Church of England wants better RE

(188 Posts)

"Church of England attacks Michael Gove over state of religious education"

http://www.theguardian.com/education/2013/oct/05/church-attacks-gove-religious-education-schools

As an atheist, I'm delighted that RE is being squashed out of the curriculum and that kids leave school seeing religion as a "mystery".

Why can't churches keep out of school? I don't want Scientologists there or the Pope.

Discuss

pointythings Netherlands Fri 11-Oct-13 18:49:10

That's exactly it, Errol - it's the lack of acceptance that you might be wrong which is the thing that I have trouble with. I work in the sciences, we live every moment in the knowledge that what we have found might well be proved wrong by the next generation of researchers. It's a good way of learning humility...

ErrolTheDragon Fri 11-Oct-13 18:10:53

I don't think its arrogant to believe something is true or false - so long as you recognise that its a belief and you may yourself be wrong.

This is the reason why I believe grin that RE should be unbiased. I firmly believe there is no god, but I don't believe that therefore my child should be told as fact in school that anyone who believes there is a god/gods is wrong.

pointythings Netherlands Fri 11-Oct-13 18:01:59

Errol I think that might have been aimed at me... I voiced the opinion that believing your faith was true and everyone else's was false was a form of arrogance because after all you can't really know, only believe.

ErrolTheDragon Fri 11-Oct-13 15:55:31

>If they're following the National Curriculum they do.

More accurately, the LEA's SACRE - but VA faith and 'free' schools unfortunately don't have to do this.

ErrolTheDragon Fri 11-Oct-13 15:54:07

>hence our kids learn what's right and good within other religions and their flaws and falsehoods.

do your children get to hear what others perceive as the flaws and falsehoods within your religion too?

Blessed - I'm sure you absolutely believe you're doing the right thing because you genuinely believe that what you believe is The Truth. But it doesn't sound as though you're equipping your children to make a genuine free choice, and this may backfire on your good intentions...

>I submit that after going through the sort of Christian school I support our children, with God's Word to back up their conviction, will be less willing to "change their mind" ...
IME they're actually quite likely to change their mind later on - not to follow a cult but to lose their faith.

I'm not sure who you think is taking umbrage that you believe some religious teachings are false. confused Atheists tend to believe that a lot of religious teachings are false.... but that it is not the job of the teacher conveying information to say which are true or which are false. That isn't relativism - its simply not imposing a particular set of beliefs (which may be correct or may not be) on pupils.

Coupon Fri 11-Oct-13 15:24:01

> No they don't, not in every school.

If they're following the National Curriculum they do.

sashh Fri 11-Oct-13 14:57:35

* Nowadays chldren learn about all five (or six) of the World's religions*

No they don't, not in every school.

pointythings Netherlands Fri 11-Oct-13 13:10:12

But blessed you are equating 'firm direction' with subscribing to a faith (in your case the Christian faith, in your friends' cases Islam or Judaism or Hinduism). You are unable to accept that it is possible to give children a high quality moral compass that is not faith based. That is where the disagreement lies - in your assumption that secular morality is always, always, always inferior to religious morality. The fact that many people with no religious beliefs live good, decent moral lives (and do not end up in cults) simply gives the lie to that assertion. We will never agree on this.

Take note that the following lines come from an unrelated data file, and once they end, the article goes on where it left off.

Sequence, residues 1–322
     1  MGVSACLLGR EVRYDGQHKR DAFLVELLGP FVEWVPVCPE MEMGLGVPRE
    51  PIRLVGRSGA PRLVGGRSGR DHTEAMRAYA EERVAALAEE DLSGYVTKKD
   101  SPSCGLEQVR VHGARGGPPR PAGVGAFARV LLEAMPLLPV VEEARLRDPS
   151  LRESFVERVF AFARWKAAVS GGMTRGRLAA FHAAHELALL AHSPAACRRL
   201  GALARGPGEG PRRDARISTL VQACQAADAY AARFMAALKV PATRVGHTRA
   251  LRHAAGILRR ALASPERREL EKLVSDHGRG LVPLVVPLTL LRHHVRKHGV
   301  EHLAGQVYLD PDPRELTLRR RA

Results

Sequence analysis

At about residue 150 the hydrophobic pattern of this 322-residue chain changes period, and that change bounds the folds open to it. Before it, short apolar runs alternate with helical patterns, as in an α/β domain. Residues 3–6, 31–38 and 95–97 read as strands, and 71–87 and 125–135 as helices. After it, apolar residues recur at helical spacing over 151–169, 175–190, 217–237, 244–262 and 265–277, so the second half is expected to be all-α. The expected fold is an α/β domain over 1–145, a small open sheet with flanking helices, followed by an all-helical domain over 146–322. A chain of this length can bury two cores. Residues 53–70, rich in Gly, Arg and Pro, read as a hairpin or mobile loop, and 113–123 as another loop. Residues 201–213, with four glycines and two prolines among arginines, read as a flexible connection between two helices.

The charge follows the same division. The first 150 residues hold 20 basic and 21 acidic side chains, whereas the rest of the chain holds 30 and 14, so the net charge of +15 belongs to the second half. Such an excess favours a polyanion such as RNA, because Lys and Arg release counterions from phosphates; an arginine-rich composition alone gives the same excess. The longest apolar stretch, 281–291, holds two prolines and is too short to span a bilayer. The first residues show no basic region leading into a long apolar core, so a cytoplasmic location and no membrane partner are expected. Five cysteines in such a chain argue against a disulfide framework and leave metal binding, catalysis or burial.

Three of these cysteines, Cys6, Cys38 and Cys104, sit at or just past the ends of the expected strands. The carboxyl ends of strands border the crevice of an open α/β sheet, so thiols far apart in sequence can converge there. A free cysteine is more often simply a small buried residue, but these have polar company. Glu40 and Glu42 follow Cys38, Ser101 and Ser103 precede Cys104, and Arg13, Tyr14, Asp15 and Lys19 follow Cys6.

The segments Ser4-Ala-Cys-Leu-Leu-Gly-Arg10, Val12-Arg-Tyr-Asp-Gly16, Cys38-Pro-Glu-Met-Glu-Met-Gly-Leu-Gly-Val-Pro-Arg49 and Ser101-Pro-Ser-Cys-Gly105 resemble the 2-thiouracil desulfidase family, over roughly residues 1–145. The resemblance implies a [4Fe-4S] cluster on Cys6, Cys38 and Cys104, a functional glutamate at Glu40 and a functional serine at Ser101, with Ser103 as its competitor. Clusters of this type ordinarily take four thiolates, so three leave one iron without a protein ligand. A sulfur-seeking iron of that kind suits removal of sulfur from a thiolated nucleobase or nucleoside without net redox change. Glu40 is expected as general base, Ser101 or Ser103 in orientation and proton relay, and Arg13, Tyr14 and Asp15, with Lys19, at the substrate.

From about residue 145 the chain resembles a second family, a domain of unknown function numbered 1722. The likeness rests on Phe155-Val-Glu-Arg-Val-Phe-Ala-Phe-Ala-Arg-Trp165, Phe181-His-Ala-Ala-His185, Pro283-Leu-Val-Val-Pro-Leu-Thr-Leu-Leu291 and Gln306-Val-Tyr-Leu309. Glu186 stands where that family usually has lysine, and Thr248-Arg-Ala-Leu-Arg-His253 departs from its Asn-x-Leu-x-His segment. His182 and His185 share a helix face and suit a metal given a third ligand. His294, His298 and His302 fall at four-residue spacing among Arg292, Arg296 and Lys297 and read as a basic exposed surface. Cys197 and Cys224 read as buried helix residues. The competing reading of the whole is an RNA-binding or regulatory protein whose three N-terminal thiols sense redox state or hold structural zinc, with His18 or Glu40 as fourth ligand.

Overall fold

Common humanity dictates that we have common morals. All of us - or at least those of us who do not have personality disorders or sociopathic tendencies - are conditioned to live by moral codes that support a cohesive society. Things like not killing, not stealing, being courteous - there are others, it's a long list - those are all things which are readily taught because they are survival traits that make human society function. The underlying belief system of that teaching does not have to be religious for it to work. Personally I would label these morals as good, because I am not a sociopath. Having a set of laws and rules which work for everyone makes me feel safe and secure and allows me to operate on the assumption that most people are fundamentally decent. Everyone needs boundaries, adults as well as children, and human fallibility is one of the reasons why. However, those boundaries do not need to be set from a faith perspective in order for them to work.

And I will always have a problem with people who go through life believing that the tenets of other faiths are false and that their own are true. It's arrogant. I don't share your belief in God, but I am willing to accept that I may end up finding out I am wrong. Are you willing to accept the possibility that you may find yourself in the afterlife, learning that actually the tenets of your Christian faith are not the truth and that your Muslim/Hindu/Jewish friends were right all along?

By the way, I unreservedly apologise for describing your children's school as 'fundamentalist' and 'indoctrinating'. That too was patronising. We are all trying to do the best for our children, we just disagree on what that is.

blessedhope Fri 11-Oct-13 12:27:54

It seems my position has been badly misrepresented by those who claim to respectfully disagree with me- just for clarification: